Film on pope's Holocaust inaction raises storm in Europe

A controversial film exploring the Vatican's inaction during the Nazi Holocaust, which hit screens in France, has caused a storm among Catholics and the media across Europe.

The movie -- titled "Amen" in most of Europe and "Eyewitness" for its yet-to-be-scheduled release in English-language markets -- has already been withdrawn from at least one cinema, and a right-wing Catholic group has attempted to ban its promotional poster, which merges a Christian cross with a Nazi swastika.

In Germany, bishops have denounced it as defamatory, while newspapers have published editorials fiercely defending it or ripping into it.

First shown at the Berlin Film Festival earlier this month, the film is based on a 1963 German play, "The Representative", which highlighted one of the most notorious chapters in the history of the Catholic Church: Pope Pius XII's refusal to defend Jews or condemn their extermination during the Nazi persecution despite building proof of their fate.

Directed by Greek-born director Konstantinos Costa-Gavras, the picture recounts the efforts of Kurt Gerstein, a real-life German officer who tried to get the Vatican to denounce Adolf Hitler's "Final Solution", even as he allowed the supply of deadly gas to concentration camps.

A fictional Jesuit diplomat is added to the story to represent those Catholic priests who had attempted to intervene on behalf of persecuted Jews.

But German bishops meeting in Stuttgart last week issued a statement saying "the numerous people who, within the Catholic Church, risked and lost their lives to fight National Socialism (the Nazis) must feel posthumously scorned."

The film was an "outright defamation and a distortion of history", the statement added.

A radical Italian Catholic association, Militia Christi, echoed that criticism, asserting that Pius XII and the Church "saved 800,000 Jews, as historic studies show".

The outcry has even led to one cinema, in the chic town of Versailles just outside Paris, to withdraw the movie from its programme.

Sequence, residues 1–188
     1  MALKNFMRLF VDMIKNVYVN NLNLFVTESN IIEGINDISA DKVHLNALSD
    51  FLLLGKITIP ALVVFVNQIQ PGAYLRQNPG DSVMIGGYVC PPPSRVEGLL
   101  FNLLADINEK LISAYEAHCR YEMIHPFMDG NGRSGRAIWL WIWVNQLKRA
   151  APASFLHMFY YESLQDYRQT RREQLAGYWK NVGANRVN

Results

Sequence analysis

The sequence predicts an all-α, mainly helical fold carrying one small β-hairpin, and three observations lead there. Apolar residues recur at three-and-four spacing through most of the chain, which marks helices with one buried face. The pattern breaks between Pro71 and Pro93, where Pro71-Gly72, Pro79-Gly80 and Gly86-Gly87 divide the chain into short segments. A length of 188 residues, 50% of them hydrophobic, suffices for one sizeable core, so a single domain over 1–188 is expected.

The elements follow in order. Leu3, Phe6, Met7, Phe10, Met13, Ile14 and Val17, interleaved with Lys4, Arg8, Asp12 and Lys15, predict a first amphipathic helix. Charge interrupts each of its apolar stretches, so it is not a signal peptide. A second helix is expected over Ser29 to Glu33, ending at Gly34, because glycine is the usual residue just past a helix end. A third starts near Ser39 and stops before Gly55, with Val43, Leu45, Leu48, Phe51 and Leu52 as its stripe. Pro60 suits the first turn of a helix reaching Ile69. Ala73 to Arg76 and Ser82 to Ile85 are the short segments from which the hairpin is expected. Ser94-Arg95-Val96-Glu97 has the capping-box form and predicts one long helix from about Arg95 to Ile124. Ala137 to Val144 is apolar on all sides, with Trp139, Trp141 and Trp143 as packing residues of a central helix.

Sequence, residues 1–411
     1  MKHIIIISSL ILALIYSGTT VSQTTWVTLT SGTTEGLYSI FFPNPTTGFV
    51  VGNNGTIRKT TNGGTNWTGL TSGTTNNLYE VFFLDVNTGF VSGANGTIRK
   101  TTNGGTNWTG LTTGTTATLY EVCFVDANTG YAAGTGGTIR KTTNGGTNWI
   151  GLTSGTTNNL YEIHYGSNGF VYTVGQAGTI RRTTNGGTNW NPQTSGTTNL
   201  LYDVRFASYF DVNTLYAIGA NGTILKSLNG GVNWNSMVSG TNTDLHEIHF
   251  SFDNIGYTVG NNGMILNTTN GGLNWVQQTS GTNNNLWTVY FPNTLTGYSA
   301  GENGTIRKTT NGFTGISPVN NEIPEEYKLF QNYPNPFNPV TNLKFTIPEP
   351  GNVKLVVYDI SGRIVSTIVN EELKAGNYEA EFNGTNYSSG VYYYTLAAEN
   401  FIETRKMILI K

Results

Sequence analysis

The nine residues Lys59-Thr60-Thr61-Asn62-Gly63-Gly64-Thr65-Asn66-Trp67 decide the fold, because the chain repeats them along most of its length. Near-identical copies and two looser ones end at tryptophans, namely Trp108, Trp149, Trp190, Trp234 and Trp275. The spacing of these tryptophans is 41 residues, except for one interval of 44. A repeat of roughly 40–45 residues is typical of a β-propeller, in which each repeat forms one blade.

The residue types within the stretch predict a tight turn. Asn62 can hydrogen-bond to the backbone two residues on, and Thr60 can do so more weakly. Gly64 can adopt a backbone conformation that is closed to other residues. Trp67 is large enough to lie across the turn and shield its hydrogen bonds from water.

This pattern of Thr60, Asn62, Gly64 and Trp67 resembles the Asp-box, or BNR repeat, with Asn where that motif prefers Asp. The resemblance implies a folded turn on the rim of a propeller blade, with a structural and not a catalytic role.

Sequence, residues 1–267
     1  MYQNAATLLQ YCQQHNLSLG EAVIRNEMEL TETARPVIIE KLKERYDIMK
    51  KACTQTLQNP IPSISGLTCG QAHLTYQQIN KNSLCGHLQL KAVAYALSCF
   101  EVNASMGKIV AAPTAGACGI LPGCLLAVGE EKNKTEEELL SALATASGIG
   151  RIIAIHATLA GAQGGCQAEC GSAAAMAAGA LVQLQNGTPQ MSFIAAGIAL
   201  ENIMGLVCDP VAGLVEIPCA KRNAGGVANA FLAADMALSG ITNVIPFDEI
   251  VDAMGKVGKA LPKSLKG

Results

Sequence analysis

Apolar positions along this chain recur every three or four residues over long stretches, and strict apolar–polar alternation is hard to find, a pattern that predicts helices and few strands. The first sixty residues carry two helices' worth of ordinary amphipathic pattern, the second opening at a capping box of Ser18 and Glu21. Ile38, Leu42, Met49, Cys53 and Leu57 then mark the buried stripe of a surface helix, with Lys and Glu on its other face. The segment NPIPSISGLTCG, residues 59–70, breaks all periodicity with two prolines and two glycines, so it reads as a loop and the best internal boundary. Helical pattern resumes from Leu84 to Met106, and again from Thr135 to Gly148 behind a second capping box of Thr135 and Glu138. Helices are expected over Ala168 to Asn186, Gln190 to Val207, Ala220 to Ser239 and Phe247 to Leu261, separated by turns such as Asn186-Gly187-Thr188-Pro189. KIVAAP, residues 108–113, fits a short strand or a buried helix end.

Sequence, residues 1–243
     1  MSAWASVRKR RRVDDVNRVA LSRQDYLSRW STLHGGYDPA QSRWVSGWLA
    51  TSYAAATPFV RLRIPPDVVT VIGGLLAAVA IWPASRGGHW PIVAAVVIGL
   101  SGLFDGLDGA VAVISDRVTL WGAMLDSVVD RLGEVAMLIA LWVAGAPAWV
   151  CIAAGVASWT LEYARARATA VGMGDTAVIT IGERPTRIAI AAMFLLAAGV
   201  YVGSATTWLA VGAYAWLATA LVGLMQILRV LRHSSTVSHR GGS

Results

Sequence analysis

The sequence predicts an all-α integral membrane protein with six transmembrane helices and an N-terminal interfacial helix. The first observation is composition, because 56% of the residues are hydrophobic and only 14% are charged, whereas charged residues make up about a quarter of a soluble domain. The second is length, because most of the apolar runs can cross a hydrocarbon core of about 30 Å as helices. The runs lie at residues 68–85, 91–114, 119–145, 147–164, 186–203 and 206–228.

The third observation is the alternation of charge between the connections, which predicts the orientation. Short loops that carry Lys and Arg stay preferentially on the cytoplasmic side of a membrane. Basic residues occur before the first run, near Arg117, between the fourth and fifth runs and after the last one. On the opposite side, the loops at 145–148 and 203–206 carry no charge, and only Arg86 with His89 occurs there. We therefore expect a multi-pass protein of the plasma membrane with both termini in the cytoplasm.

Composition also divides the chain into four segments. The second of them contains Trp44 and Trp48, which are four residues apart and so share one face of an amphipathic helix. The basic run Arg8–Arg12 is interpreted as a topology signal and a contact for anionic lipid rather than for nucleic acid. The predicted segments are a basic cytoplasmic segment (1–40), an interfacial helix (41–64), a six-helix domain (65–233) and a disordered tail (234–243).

The manager told AFP he had decided "not to make a provocation" with the film, but did not rule out showing it at a later date if his clients demanded it.

The town's right-wing mayor, Etienne Pint, denied an allegation from the film's distributor, Pathe, that he had pressured the cinema manager to drop the movie.

"Those are completely false allegations. It is not a mayor's place to interfere in entertainment programmes if they obey the law," he said.

Although Catholic leaders have not attempted to block the film through the courts, one right-wing Catholic group, the General Alliance against Racism and for the Respect of the French and Christian Identity, tried to have its poster banned, claiming it was "a gratuitous, unnecessary and public assault on respectable religious feelings".

But a French court last Thursday threw out the lawsuit, deciding that the cross/swastika image -- designed by Italian photographer Oliviero Toscani, who made the controversial ads of AIDS victims and death-row convicts for the Benetton clothes chain -- did not imply an amalgam of Nazi and Christian beliefs.

Costa-Gavras, who attended the Paris hearing, said after the verdict: "All attention has been on the poster, and I think that might turn people off the film."

"That would be very unfortunate, because the controversy is the film itself, not a poster," he added.

French media seemed to agree Wednesday, although they were divided on which side of the debate to fall.

The left-leaning Le Monde newspaper opined that even if the events in the film dated back more than half a century, they "remain at the heart of the questions today on relations between Christians and Jews, the memory of the Holocaust, and on the role religions have to play in the world's tragedies."

The right-wing Le Figaro published a defence of Pius XII saying he admonished the Nazis and aided the Jews in his own way.

"Through thundering declarations, Pius XII preferred diplomatic and charitable action. Through gestures, effective and 'quiet' assistance," the paper said.

For its part, the Vatican has kept a low profile.

Rome has allowed partial access to its private archives from the war period although it continues to keep documents related to Pius XII locked away.